Good morning I represent Serious Stages, we have been building covered stages, temporary building and specialist structures since 1985.

We currently construct over 400 large structures, approximately 200 ourselves and the remainder in conjunction with our partners in Australia – Butlers Hire, the Middle East – Al Laith, Spain - Esenario's. These structures vary considerably and we have recently been involved in the construction of the Opera House temporary stage in Sydney Harbour, a stage built into the harbour with the seating and VIP areas built into the bank.

Last December we designed and built a 150m wide screen, 40m high for a Vangelis showcase event in front fo the entire Royal family of Qatar. We've just completed the Soundwave tour of 4 Australian cities and before that we did the Big Day Out which is a twin stage festival that tours round 6 cities in 3 weeks. SLIDE AUSTRALIA We also cover many major festivals in the UK as well as being heavily involved in a variety of projects concerning a major sporting event taking place in the UK this year. SLIDE VANGELIS
Whilst building these structures we run into varying problems. Two major issues in particular stick out. Considerable production loads are often applied to our structures and quite often the actual rigging loads are only given to us relatively late in the day, in many cases on the day of load in. This can be a cause for concern and whilst we ensure that any loads that our systems carry are within the design limits, having advance knowledge of the rigging weights and detailed plans would be incredibly helpful.

The second issue we have is the differing interpretations we find on what effective wind speed the structure has to be designed to, issues which we run into time again both in the UK and globally.

The wind blows all over the planet and it's always fascinating how engineers and authorities in the various countries seem to deal with temporary structures in varying ways. We have recently built a roof in Orlando, USA. The structure was a tower roof, 20 m high, fully sheeted with 2 goal posts PA and Video supports. As the Orlando authorities admitted when looking at our documentation, we were the first stage they had certificated in 16 years and, despite having a vibrant entertainment industry which required numerous stages being built every year, they had not seen fit to certify the engineering of any of the stages. There is now a realisation after the much reported accidents that took place recently in the USA and Canada that these structures vary so markedly that each has to be checked within the local guidlines. SLIDE ORLANDO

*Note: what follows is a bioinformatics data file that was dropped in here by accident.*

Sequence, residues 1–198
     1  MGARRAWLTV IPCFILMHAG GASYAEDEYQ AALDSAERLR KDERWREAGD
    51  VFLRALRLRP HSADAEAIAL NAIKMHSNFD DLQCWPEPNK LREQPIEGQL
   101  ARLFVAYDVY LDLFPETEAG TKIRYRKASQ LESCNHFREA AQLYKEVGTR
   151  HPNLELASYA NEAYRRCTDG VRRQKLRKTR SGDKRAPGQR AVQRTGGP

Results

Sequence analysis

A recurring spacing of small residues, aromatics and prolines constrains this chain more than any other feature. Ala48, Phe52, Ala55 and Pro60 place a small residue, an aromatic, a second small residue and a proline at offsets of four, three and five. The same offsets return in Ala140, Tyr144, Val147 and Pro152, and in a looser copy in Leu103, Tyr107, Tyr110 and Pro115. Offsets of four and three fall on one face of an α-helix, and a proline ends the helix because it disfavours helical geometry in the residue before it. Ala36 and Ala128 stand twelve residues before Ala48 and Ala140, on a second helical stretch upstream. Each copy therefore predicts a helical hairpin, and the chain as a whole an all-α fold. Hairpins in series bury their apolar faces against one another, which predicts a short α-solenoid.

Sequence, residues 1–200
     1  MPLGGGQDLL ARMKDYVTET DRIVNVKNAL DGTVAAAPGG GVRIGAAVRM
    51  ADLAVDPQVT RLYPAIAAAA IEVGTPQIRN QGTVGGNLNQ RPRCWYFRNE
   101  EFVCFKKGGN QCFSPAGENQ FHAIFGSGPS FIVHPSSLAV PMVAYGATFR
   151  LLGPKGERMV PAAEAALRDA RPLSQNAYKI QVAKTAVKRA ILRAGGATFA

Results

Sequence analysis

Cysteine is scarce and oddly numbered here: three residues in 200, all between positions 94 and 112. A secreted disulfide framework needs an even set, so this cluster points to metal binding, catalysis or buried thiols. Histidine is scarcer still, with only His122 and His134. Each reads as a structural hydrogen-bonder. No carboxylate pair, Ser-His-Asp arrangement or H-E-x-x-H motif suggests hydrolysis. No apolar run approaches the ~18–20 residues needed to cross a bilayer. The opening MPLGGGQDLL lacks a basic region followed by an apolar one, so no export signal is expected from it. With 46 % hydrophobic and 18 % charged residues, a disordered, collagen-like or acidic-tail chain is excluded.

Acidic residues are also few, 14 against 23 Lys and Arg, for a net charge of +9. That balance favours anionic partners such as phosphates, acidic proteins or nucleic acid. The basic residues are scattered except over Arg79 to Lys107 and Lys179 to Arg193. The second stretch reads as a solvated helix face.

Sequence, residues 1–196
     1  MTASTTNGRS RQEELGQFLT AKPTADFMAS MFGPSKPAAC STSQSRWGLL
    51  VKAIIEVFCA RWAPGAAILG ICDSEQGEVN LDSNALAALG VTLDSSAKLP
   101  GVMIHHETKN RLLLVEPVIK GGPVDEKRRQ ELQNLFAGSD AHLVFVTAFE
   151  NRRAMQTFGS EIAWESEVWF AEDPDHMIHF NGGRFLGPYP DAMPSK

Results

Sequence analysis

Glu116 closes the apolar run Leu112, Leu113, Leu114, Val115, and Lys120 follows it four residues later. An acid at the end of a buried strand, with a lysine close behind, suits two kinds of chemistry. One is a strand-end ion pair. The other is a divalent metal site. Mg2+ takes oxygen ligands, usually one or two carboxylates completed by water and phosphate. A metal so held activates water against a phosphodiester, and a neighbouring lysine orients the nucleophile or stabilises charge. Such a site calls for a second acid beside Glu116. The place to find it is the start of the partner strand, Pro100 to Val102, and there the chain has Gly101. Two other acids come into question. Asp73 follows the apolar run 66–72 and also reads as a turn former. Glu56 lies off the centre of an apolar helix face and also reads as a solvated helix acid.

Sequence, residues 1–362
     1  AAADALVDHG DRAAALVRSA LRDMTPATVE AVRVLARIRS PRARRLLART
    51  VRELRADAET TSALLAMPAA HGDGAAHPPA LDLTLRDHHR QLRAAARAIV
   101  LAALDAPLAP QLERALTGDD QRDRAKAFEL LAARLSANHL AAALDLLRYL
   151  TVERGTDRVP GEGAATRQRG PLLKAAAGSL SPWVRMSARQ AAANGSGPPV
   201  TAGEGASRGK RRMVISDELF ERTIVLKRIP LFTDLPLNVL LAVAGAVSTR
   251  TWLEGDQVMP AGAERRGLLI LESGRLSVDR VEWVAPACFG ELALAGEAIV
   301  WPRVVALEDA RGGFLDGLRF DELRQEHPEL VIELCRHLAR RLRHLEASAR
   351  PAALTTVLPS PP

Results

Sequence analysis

In Dubai they require an 18m/s wind speed, Germany tends to require 20m/s, Australia varies from 20 m/s– 36m/s. The manner in which checking or certifying structures is carried out varies considerably, both in the UK and Globally. Some of the larger local authorities have extremely good in house engineers who engage with our engineers, do detailed checks on the calculations and follow this up by site visits, meeting engineers on site before signing off the structure. Ireland requires the client to hire independent structural engineers to achieve a similar function as larger local authorities. Germany requires stringent detailed analysis of all aspects of the structure, unless the supplier has a proof book. This proof book is where a specific constructed stage is authenticated as being structurally correct by the TUV , which is an organisation that have state and federal approval and can certify the safety of the product. If the supplier has a proof book the local engineer will merely inspect the stamps and check the structure is built in accordance with the drawings which form part of the proof book. If everything is in order and up to date, the structure can be signed off based on the fact that the TUV have done all the detailed analysis beforehand.